India’s election wasn’t the deepfake doomsday many feared

Coming into 2024, there were plenty of reasons to worry about how platforms would handle the Indian election. It’s the world’s largest election, with nearly a billion people eligible to vote in an increasingly polarized nation. Prime Minister Narendra Modi’s party is seen as the heavy favorite amid a campaign that’s seen him stir up his base with genuinely violent rhetoric against Muslims. It wasn’t hard to see the danger of that rhetoric spilling out online. Combine that with the widespread availability of AI-powered video and audio manipulation tools, and you had the ingredients for a situation where misinformation could thrive.

What we’ve actually seen has been a little bit different. For just over a month, I’ve been working on an AI Election Tracker with our features director Victoria Turk, compiling more than three dozen verified uses of AI in elections across the world in 2024. But while we can verify that AI was used in various cases, it’s harder to classify the cases as misinformation. We’ve seen dead politicians resurrected to campaign for their children and famous actors pulled into bogus endorsementsbut it’s generally done with a wink and a nod. With voting drawing to a close this week, there’s a whole lot of parody and little actual malice.

That’s not to downplay the violent rhetoric at work in Modi’s campaign, which has put Muslims at risk and incited real-world violence. In some casesthat rhetoric has overlapped with generative AI tools, which has made it easier to spread the messages and raised the stakes for platforms when they fail to act swiftly in removing it. But the harm in those cases is clearly due to the hateful rhetoric itself, not the AI tools used to spread it. And when we focus solely on AI-generated content, as we have in the tracker, what we see is something significantly less dangerous.

This face-swap video is a perfect example. In broad strokes, it’s a classic case of misinformation: putting politically damaging words in the mouths of prominent politicians who didn’t actually say them. In this case, the video shows Rahul Gandhi, the leader of India’s main opposition party, criticizing a member of his coalition, making the whole political alliance seem like a shambling mess. (An American comparison might be Joe Biden complaining about Alexandria Ocasio-Cortez.)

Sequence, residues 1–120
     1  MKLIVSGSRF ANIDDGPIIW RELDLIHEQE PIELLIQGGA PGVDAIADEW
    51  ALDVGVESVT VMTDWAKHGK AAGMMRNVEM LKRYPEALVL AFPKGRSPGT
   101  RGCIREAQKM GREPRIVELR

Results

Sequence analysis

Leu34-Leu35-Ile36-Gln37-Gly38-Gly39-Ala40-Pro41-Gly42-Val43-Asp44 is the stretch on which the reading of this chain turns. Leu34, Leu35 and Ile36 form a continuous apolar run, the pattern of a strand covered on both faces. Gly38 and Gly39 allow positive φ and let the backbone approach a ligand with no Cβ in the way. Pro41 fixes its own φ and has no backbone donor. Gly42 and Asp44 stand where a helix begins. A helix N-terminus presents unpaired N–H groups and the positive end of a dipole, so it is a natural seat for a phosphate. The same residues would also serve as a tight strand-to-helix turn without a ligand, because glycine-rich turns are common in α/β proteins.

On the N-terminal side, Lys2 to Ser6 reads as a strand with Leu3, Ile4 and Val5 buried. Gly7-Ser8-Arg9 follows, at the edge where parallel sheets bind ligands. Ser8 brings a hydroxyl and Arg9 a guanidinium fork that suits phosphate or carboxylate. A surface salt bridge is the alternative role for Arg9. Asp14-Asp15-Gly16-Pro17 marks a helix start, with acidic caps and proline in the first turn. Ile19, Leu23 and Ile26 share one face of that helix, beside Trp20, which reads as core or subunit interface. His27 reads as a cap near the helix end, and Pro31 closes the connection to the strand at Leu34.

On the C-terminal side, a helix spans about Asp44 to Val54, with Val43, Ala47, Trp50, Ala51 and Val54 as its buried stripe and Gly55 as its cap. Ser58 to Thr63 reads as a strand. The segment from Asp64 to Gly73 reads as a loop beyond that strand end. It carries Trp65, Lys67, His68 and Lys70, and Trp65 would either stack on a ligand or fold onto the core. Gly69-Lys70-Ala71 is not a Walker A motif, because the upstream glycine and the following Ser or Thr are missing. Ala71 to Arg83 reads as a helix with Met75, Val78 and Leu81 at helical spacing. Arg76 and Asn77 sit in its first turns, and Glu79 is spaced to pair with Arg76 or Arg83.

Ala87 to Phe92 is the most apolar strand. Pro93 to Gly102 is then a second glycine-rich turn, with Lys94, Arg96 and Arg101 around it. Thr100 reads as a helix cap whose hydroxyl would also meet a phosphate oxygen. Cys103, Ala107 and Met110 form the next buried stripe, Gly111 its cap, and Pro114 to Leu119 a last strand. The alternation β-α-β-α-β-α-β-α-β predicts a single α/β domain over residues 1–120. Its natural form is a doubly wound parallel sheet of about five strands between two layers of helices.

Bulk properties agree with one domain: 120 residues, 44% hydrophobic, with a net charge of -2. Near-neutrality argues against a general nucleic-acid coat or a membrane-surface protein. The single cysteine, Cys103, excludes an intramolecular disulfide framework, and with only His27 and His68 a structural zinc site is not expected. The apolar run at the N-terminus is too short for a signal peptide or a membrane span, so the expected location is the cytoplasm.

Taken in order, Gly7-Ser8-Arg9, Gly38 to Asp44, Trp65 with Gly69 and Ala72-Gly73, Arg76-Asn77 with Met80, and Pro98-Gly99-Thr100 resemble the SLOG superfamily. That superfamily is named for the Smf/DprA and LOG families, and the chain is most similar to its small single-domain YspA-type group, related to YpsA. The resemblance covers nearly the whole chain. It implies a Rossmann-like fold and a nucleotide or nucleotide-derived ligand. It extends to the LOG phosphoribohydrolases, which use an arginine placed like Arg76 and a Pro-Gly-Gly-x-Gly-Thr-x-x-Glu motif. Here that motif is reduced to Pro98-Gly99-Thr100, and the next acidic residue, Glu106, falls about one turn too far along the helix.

But while the video would be politically damaging if it actually deceived voters, that doesn’t seem to be the point. The original, non-manipulated footage is from a prominent political speech that most Indian viewers would be aware of, which is not the kind of thing you’d do if you wanted to concoct a convincing fake. The effect is closer to trolling than outright deception, like a Saturday Night Live sketch or a grotesque political cartoon. Sure, it’s fake — but the fakery is the point.

Parodies of this kind are all over Facebook these days, and while they’re alarming in emergencies, it’s hard to say how platforms should respond to them during elections. For better or worse, a lot of democratic discourse consists of this kind of petty name-calling and baiting. That’s part of why platform policies at Meta and YouTube are careful to only prohibit “deceptive” content, rather than banning AI manipulations entirely. If Modi’s supporters want to watch him take the stage at a Lil Yachty concertwhy shouldn’t they be able to?

To be clear, this isn’t an example of successful platform moderation. Even in cases where the content shouldn’t be removed, platforms should still be labeling it as AI-generated, as their own policies recommend. Most of the examples in the tracker aren’t labeled, despite significant public attention and days of lead time. It’s a clear sign that platforms still haven’t figured out how to recognize AI-generated content. The good news, then, is that failing to keep it in check may cause less damage than originally feared.


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